Mormon Church Rejects Utah Hate-Crime Bill That Protects LGBT’s and Mormons

Gay Mormon Hate Law

Just one  year after approving an LGBT nondiscrimination law (albeit a weak one.) the Mormon Church would rather let hate crimes go unprosecuted against its own flock than let gays, lesbians, bisexual, and transgender people get protection of hate based crimes under the law because Mormon leaders say the bill would upset the “balance” church leaders called for in 2015.

A spokesman for the LDS elders said in a statement. “Interests from both ends of the political spectrum are attempting to alter that balance. We believe that the careful balance achieved through being fair to all should be maintained.”

Utah’s limited hate-crime legislation currently contains no list of protected classes, which means that SB 107 would not only protect LGBT citizens but would also do more to protect religious expression in the state.

“We’re here [in Utah] because Mormons were lynched, Mormons were persecuted, Mormons were driven out of states,” Said the bill’s author Republican state senator Rep. Stephen Urquhart, who is Mormon. “That’s worthy of protection.”

The bill easily cleared committee two weeks ago, but Urquhart said the church has “effectively snuffed out” discussion with its public comments about “balance.”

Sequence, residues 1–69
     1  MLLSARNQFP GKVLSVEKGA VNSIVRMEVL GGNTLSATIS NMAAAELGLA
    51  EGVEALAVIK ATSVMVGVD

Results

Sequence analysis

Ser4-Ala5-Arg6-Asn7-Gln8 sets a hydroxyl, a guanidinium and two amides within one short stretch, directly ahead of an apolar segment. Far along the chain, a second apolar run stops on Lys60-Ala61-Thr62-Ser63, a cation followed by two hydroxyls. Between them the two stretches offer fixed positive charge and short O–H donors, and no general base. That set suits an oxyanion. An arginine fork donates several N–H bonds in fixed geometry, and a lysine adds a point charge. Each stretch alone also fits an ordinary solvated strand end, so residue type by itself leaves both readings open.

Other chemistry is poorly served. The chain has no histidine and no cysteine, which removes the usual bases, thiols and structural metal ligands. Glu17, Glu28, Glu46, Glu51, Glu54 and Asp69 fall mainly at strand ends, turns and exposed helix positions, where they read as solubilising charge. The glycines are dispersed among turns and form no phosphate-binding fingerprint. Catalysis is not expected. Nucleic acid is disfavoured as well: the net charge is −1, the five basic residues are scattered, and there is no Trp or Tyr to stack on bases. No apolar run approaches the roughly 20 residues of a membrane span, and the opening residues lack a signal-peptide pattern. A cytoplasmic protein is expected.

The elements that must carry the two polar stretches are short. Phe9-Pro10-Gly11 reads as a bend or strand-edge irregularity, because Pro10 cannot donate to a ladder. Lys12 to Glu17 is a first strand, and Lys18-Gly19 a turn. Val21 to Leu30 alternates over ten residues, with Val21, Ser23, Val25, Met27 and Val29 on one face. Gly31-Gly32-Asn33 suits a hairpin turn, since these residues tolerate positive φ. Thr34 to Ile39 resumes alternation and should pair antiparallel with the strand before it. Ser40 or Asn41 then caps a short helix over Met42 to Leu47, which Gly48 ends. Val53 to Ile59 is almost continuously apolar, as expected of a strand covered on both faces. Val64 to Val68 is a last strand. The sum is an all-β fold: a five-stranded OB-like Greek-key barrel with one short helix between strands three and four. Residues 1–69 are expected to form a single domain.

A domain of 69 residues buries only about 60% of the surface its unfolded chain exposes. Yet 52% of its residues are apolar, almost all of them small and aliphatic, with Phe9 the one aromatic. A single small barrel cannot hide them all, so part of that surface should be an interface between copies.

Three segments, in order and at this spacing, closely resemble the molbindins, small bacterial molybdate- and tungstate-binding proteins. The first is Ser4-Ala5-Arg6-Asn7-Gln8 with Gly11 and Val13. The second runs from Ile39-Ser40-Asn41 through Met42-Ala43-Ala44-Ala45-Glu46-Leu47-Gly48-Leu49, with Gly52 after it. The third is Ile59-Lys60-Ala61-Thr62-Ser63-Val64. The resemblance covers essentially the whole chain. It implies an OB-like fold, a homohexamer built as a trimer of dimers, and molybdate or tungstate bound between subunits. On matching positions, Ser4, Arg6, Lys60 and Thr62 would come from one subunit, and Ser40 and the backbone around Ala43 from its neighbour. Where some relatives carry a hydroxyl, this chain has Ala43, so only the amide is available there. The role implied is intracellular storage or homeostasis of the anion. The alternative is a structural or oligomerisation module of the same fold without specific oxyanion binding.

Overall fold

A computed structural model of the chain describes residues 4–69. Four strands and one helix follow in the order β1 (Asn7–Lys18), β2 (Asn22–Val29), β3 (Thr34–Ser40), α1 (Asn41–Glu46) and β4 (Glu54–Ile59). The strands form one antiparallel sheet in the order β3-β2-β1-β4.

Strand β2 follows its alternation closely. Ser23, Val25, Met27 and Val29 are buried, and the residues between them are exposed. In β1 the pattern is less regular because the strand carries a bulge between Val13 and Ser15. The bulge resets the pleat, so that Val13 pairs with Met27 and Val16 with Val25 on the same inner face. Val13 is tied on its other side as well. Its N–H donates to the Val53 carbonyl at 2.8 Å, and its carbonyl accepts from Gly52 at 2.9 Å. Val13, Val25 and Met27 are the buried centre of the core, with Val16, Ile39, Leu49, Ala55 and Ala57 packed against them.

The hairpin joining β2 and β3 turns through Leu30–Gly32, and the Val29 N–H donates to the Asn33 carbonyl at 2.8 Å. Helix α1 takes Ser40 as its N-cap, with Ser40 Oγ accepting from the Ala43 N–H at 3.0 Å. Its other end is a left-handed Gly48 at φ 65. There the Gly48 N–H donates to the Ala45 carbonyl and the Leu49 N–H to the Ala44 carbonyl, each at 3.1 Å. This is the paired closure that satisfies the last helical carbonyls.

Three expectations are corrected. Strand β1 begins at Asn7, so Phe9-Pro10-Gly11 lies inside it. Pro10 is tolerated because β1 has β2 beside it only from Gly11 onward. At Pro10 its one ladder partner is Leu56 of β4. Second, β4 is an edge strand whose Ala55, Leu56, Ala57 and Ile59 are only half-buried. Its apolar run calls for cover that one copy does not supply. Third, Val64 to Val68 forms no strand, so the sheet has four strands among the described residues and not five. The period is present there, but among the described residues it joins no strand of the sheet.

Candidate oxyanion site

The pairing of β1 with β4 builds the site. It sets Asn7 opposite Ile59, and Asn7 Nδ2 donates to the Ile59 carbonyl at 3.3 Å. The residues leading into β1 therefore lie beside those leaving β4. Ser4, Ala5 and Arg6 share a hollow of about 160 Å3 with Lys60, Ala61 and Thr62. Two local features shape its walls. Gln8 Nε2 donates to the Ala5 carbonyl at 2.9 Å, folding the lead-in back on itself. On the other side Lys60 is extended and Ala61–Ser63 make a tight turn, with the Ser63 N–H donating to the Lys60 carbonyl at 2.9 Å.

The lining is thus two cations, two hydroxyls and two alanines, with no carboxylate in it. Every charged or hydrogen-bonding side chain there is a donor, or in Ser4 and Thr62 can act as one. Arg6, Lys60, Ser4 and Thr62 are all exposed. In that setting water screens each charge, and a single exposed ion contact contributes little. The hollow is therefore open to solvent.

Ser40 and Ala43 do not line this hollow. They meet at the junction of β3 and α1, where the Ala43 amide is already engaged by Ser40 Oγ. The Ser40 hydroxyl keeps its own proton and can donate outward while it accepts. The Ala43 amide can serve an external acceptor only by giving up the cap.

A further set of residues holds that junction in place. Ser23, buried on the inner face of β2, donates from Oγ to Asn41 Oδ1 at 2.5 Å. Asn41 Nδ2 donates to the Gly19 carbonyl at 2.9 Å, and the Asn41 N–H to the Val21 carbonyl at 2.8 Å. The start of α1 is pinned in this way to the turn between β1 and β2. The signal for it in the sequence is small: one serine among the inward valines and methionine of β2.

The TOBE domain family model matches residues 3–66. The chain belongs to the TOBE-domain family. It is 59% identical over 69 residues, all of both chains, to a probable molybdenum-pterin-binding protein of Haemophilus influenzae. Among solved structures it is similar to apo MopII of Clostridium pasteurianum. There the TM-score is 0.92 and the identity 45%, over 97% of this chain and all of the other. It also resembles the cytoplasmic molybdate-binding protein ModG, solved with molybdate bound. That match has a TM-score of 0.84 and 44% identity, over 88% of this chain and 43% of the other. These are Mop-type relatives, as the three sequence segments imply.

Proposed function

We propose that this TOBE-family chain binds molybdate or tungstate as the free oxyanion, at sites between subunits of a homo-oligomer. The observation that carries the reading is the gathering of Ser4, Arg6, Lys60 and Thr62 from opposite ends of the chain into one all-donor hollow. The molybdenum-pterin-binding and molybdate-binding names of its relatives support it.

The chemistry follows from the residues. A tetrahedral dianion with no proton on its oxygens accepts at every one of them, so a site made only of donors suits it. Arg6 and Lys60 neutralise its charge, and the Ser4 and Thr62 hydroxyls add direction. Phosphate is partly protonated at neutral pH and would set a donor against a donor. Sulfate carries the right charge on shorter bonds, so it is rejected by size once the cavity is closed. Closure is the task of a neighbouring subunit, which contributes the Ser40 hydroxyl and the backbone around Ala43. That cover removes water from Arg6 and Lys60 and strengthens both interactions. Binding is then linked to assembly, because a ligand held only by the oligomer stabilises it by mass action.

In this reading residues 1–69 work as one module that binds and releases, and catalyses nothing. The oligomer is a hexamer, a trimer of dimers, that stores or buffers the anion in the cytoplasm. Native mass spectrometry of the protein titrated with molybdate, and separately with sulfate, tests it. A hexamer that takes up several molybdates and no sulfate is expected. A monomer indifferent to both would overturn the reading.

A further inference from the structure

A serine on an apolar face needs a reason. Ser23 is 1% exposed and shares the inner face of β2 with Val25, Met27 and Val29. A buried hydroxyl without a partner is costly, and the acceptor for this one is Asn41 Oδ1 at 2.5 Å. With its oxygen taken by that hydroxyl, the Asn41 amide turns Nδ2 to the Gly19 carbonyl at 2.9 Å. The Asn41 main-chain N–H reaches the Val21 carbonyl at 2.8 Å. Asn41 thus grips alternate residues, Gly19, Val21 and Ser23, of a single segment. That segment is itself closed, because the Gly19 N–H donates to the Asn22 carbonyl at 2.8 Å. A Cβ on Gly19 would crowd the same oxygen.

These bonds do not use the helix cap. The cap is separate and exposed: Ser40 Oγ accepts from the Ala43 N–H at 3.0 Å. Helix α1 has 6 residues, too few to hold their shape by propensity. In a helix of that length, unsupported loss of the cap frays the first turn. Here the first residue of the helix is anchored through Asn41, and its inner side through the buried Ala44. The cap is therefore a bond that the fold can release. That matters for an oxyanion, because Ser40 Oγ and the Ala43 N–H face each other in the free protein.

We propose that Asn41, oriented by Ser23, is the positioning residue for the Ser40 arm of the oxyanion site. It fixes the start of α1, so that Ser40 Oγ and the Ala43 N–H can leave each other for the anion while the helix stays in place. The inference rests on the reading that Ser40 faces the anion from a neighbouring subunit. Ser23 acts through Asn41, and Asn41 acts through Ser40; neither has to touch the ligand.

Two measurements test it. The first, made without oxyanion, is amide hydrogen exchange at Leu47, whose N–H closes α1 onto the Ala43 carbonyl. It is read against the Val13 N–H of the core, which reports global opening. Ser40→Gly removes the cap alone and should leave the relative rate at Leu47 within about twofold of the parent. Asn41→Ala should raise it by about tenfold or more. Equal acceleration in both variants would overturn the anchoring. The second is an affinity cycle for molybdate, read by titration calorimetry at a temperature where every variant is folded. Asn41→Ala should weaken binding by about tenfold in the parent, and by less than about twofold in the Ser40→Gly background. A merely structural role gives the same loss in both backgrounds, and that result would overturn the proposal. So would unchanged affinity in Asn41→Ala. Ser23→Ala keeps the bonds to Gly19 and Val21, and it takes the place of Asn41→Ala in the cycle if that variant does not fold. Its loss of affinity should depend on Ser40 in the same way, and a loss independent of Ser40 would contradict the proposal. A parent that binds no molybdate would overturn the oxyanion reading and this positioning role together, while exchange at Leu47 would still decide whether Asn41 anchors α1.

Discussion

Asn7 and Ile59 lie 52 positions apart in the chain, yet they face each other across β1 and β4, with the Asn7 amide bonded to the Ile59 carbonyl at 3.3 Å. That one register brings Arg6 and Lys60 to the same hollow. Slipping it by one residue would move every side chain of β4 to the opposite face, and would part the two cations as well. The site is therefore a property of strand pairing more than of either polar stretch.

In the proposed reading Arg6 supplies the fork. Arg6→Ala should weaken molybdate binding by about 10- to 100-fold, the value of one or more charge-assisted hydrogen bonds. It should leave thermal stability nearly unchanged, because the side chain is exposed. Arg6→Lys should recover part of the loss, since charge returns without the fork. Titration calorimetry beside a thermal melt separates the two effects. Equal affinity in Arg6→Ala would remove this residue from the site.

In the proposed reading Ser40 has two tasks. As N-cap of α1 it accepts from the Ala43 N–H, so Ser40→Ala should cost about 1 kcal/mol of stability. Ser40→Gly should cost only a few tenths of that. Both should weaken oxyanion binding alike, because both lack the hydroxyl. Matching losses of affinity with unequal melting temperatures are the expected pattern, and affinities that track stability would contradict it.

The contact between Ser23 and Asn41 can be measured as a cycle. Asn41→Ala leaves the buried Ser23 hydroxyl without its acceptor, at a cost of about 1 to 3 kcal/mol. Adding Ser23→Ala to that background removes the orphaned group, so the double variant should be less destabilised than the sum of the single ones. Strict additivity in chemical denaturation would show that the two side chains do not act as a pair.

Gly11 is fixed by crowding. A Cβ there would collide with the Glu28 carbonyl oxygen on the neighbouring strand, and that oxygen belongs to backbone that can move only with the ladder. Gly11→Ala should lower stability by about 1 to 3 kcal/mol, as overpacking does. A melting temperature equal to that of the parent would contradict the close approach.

Meanwhile Gov. Gary Herbert, a practicing Mormon, was cautious in his approach to the hate-crimes bill, telling the press, “If I kill you, you’re just as dead whether I hated you or I love you and killed you. I don’t understand how that works. Certainly, I think it’s worth a discussion, but we keep creating categories.”

The Mormon Church’s opposition to SB 107, and its recent controversial policy change prohibiting any child who primarily resides with same-sex parents from being baptized until they are 18 and only then if that child “specifically disavows the practice of same-gender cohabitation and marriage. “ Is enough for Senator Urquhart to question his faith.

“When I was a child in a dark situation, the Mormon Church shined a light in my life,” Urquhart said at his press conference last Thursday. “But since then, that light has flickered.”

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